‘Existing floras exhibit only one moment in the history of the earth’s vegetation.’
Sir William Turner Thiselton-Dyer: ‘Plant Distribution’.
A moment you might fathom, you’d think,
reciting names like adderstongue and moonwort,
coralroot and yellow birdsnest,
names from Tentsmuir’s resonant flora.
But then an owl disgorges
a pellet packed with fieldmouse fur
and tiny bones from a neighbouring parish,
with seeds that will grow into another moment.
And there are days when haar drifts in from the sea
and settles like drops of mercury on rhubarb leaves,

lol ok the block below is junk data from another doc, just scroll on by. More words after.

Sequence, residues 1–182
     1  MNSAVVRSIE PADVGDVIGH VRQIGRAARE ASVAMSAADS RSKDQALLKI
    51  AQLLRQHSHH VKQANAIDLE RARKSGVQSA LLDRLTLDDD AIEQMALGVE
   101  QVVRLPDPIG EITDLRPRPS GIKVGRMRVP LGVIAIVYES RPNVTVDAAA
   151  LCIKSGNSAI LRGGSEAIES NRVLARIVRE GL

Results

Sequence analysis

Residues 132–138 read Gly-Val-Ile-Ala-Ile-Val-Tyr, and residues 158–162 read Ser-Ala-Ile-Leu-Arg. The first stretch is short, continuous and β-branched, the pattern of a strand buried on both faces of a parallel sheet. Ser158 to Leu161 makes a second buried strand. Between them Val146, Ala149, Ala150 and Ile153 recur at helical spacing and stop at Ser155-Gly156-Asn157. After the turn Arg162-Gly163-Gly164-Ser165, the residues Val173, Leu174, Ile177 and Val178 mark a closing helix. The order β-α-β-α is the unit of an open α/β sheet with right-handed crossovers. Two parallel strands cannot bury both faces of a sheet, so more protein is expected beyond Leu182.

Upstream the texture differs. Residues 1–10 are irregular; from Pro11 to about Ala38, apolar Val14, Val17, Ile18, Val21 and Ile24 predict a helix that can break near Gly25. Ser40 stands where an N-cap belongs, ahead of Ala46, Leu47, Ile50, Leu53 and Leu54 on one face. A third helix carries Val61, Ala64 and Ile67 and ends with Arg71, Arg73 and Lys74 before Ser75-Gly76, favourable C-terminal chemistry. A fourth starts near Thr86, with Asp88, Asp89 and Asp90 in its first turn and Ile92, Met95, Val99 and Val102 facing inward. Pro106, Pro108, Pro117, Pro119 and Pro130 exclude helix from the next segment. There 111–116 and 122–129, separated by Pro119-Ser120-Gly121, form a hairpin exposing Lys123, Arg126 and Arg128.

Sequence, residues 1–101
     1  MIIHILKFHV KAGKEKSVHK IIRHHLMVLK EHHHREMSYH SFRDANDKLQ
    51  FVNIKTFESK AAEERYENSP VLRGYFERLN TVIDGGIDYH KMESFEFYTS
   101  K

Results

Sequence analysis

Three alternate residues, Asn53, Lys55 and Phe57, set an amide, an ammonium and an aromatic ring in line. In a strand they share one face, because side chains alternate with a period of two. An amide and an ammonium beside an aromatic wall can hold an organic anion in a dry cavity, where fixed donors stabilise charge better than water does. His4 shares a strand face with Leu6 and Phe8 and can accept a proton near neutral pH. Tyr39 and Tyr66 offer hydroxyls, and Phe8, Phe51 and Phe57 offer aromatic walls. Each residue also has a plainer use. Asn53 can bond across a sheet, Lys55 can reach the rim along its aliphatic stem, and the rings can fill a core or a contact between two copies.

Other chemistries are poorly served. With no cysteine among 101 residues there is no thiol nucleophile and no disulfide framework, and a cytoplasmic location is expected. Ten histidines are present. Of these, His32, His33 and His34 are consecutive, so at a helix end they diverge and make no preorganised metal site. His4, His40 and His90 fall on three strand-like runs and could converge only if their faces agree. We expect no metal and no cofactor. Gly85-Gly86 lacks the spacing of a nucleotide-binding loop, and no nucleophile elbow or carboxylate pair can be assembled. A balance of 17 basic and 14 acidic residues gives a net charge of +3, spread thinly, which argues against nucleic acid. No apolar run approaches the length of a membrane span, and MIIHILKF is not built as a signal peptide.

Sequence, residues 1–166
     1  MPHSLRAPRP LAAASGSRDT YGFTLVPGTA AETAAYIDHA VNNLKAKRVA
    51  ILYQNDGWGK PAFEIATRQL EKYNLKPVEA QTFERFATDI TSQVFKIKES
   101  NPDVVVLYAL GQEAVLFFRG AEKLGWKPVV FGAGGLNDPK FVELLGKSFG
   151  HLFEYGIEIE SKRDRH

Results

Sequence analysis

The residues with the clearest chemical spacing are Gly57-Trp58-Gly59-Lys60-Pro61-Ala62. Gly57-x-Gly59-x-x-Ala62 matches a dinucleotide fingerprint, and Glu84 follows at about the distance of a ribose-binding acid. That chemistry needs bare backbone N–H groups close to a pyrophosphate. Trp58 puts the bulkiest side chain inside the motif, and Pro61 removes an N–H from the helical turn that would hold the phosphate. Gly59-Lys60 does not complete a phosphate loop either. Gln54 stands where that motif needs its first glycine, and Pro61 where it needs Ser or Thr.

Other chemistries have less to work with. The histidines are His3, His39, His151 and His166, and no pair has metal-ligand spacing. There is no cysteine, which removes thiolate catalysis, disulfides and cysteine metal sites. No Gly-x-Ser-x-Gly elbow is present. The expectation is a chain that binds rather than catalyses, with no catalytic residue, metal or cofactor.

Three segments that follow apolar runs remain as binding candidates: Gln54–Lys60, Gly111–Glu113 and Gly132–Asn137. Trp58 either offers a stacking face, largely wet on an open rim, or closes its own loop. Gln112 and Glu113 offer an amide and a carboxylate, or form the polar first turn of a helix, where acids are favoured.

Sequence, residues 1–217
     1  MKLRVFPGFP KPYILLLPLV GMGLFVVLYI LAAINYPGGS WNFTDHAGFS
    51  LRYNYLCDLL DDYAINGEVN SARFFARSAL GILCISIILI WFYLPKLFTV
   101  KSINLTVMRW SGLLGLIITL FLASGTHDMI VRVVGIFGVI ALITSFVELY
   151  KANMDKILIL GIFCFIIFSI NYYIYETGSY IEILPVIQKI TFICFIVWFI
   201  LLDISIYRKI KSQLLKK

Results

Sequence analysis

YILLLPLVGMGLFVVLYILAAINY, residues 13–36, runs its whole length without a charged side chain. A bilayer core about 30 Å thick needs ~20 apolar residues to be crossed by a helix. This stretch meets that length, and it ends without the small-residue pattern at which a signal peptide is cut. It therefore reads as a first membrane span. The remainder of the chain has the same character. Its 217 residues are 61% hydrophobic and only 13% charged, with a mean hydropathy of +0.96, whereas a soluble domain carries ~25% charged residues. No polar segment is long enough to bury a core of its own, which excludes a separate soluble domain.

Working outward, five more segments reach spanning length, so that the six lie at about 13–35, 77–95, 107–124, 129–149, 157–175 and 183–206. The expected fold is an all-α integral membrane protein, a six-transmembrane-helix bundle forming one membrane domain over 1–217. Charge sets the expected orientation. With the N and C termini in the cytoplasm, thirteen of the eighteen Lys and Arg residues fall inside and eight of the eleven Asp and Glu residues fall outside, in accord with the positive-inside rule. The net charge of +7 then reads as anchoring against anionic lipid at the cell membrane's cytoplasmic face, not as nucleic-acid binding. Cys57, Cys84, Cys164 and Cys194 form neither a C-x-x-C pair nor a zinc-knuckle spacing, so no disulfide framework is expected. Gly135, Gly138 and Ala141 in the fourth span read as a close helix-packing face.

when you step out into the garden
into the moment before; digging, you unearth
bits of clay pipe, the bowl inscribed with
masonic symbols – a pair of compasses
like a Pictish V-rod; when shifting light
turns fossil-heap to shell fish-midden.
Moments washed by Forth and Tay; Fife
a Mesopotamia of silts and erosions;
a kingdom stretched between its firths
like a hide from the scriptorium at Balmyrnie,
barley-fields the colour of vellum.
Earth that’s good to be fathomed in, you think,
instinctively at home; peninsular;
putting down roots almost by accident.
You heard a story about a plant that sprang up
when a ship from Tierra del Fuego sank
at the mouth of the Tay; how Patagonian fleeces
hung for weeks on Tentsmuir’s barbed-wire;
wind was combing the wool with weavers’ fingers
as you remembered the Huguenots who fled
here in an earlier wave; loosened seeds
of Norwegian Lamb’s Lettuce taking root.